Anthony Lane, New Yorker -- Has undoubted panache, and wit to spare, especially when Swinton is in the frame.
Bob Mondello, NPR -- A vampire flick as only Jim Jarmusch would ever conceive it, languidly poetic, worldweary and crammed with hipster in-jokes.
Jude Law plays “Dom Hemingway,” a larger-than-life safecracker with a loose fuse who is funny, profane, and dangerous. After twelve years in prison, he sets off with his partner in crime looking to collect what he's owed for keeping his mouth shut and protecting his boss Mr. Fontaine (Demian Bichir). After a near death experience, Dom tries to re-connect with his estranged daughter, but is soon drawn back into the only world he knows, looking to settle the ultimate debt. Steven Rea of the Philadelphia Inquirer calls the film “The kind of crime flick where the characters volley dialogue like furious ping-pong players, riffing with delight, their lines ripe with pulpy metaphor.” “Dom Hemingway” opens Friday at the State Theatre.
Jude Law is clearly having fun in Dom Hemingway's title role, but viewers may find this purposely abrasive gangster dramedy isn't quite as enjoyable from the other side of the screen.
David Denby, New Yorker -- Law, saying farewell to his youthful good looks (Dom has scars and a little too much weight), makes this hyper-articulate ruffian the most intricately soulful character in current movies.
Betsy Sharkey, Los Angeles Times -- Almost every line is delivered with such overwrought bombast, just inches at times from the camera, you may feel a need to dodge the spittle.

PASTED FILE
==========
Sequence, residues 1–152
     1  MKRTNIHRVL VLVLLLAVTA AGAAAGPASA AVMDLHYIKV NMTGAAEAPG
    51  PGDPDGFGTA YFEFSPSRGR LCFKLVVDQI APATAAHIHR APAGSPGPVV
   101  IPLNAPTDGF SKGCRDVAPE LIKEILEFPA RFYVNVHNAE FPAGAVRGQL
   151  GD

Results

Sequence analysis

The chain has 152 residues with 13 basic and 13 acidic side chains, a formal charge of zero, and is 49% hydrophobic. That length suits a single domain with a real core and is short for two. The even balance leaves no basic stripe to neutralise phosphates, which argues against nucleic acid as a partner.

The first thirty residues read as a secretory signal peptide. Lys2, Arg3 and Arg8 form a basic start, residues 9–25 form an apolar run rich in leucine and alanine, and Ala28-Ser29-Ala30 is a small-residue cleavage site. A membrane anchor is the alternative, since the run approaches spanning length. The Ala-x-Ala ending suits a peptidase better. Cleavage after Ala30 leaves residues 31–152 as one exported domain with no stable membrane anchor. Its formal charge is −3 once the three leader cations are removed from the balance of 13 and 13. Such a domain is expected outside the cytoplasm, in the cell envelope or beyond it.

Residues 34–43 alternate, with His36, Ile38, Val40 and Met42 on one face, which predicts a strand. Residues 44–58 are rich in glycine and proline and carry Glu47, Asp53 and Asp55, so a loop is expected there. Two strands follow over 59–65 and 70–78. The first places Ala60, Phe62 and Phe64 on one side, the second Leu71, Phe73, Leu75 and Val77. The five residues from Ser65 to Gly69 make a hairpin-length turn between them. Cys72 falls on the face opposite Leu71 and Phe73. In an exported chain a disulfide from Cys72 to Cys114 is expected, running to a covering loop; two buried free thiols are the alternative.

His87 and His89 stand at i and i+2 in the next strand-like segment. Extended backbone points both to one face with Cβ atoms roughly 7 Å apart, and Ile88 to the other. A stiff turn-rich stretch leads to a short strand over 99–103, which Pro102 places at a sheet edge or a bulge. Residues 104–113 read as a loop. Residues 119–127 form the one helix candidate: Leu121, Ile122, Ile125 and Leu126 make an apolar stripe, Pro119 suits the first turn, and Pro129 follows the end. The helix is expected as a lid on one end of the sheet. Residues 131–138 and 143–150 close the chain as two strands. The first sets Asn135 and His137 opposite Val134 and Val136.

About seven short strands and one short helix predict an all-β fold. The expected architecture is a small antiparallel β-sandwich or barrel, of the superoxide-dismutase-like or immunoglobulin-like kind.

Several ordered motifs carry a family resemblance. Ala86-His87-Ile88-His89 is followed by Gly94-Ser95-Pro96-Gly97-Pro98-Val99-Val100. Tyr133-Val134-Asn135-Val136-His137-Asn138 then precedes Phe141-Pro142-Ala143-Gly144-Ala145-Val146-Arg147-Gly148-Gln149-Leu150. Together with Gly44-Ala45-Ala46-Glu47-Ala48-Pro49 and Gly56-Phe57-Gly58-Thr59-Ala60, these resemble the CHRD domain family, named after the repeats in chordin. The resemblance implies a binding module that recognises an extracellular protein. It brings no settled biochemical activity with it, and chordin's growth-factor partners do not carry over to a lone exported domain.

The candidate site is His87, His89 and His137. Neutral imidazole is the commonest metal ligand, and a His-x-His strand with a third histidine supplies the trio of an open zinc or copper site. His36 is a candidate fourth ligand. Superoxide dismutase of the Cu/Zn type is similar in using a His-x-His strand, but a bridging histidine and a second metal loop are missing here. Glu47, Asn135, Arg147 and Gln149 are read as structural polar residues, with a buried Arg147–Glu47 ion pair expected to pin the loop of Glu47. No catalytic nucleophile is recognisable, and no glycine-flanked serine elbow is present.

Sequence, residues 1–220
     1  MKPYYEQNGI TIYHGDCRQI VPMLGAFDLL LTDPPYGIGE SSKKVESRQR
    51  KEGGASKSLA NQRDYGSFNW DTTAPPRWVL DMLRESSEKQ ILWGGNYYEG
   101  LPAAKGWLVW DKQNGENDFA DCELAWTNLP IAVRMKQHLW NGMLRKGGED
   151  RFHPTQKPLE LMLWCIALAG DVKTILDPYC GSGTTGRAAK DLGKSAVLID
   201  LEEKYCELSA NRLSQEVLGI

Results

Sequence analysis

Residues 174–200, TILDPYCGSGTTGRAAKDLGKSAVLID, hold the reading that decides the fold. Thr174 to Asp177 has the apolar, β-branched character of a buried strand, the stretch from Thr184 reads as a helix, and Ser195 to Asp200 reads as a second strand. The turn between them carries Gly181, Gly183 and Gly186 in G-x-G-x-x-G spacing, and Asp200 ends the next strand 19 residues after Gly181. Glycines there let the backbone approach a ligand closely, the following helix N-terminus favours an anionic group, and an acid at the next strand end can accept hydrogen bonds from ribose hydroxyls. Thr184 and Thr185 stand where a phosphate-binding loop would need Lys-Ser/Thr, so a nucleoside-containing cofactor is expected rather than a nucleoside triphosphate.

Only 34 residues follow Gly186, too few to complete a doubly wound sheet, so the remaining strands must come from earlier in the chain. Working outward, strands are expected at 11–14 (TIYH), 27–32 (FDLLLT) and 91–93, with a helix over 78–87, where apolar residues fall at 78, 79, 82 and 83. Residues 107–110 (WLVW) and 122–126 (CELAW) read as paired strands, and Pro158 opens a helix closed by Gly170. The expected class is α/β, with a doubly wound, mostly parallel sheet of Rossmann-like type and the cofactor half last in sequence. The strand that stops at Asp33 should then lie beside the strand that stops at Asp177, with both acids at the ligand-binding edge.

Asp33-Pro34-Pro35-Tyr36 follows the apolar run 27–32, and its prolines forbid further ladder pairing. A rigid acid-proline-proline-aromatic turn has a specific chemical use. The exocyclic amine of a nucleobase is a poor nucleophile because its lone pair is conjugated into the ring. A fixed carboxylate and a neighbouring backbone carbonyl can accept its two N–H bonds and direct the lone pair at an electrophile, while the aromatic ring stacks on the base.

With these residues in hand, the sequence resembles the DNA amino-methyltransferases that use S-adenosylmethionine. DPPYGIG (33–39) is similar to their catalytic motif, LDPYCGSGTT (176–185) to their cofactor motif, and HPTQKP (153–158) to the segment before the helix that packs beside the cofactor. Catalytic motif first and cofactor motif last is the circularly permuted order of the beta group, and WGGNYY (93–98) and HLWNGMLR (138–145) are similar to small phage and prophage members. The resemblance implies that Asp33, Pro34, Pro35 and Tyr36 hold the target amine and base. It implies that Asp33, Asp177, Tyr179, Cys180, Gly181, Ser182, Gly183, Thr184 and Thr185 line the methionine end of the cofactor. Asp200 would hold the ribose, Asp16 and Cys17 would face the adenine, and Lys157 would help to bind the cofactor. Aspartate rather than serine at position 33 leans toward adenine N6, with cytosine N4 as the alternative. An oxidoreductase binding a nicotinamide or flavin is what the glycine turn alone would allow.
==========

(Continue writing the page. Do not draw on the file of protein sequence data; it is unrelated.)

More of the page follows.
Owen Gleiberman, Entertainment Weekly -- The real amazement of Dom Hemingway is that, as written and directed by Richard Shepard, the movie picks up this snarling hooligan and treats him like a character out of Shakespeare.
“Ernest & Celestine” is a beautiful, animated children’s film that I saw and loved at Sundance. Deep below snowy, cobblestone streets, tucked away in networks of subterranean tunnels, lives a civilization of hardworking mice, terrified of the bears who live above ground. Like a gorgeous watercolor painting brought to life, a constantly shifting pastel color palette bursts and drips across the screen, while wonderful storytelling and brilliant comic timing draw up influences as varied as Buster Keaton, Bugs Bunny, and the outlaw romanticism of Bonnie and Clyde. With the voices of Forest Whitaker, Lauren Bacall, William H. Macy, Megan Mullally and Nick Offerman. “Ernest & Celestine” plays May 11-13 at the Michigan Theater.
In “On My Way” an aging former beauty queen (Catherine Deneuve, Repulsion, Tristana, The Umbrellas of Cherbourg, Belle de Jour, The Young Girls of Rochefort) finds herself jilted by her lover and left alone to deal with the financial problems facing her family’s restaurant. What begins as a quick drive to clear her head turns into a full-fledged road trip, and along the way there are chance meetings, an ex-Miss France gala, renewed ties with her estranged daughter and grandson, and possibly, at the end of the road, love. Mick LaSalle of the San Francisco Chronicle says "’On My Way’ finds Deneuve warm and natural, completely open and yet subtle, able to suggest much with little, allowing us to read her thoughts.” “On My Way” plays May 10, 12 & 14 at the Michigan Theater.
Stephen Holden, New York Times -- Just when "On My Way" seems about to be stranded in the middle of nowhere, Bettie and Charly's fraught relationship gives the movie an emotional center and comedic drive.
Ella Taylor, NPR -- The movie has a soundtrack full of pop delights and a loose-limbed way of making itself up as it goes along.
Hitchcock Screenings Downtown
In “North By Northwest” Madison Avenue advertising man Roger Thornhill (Cary Grant) finds himself thrust into the world of spies when he gets caught up in a case of mistaken identity. “North By Northwest” plays Sunday, May 11 at 7 PM at the Michigan Theater.
Hitchcock followed his big budget Hollywood thriller with the low budget film that became his most popular and acclaimed; “Psycho” uses Hitchcock's signature choreography of cinematic elements to tell the tale of a lonely motel keeper haunted by his strict and reclusive mother. “Psycho” plays Tuesday, May 13 at 7 PM.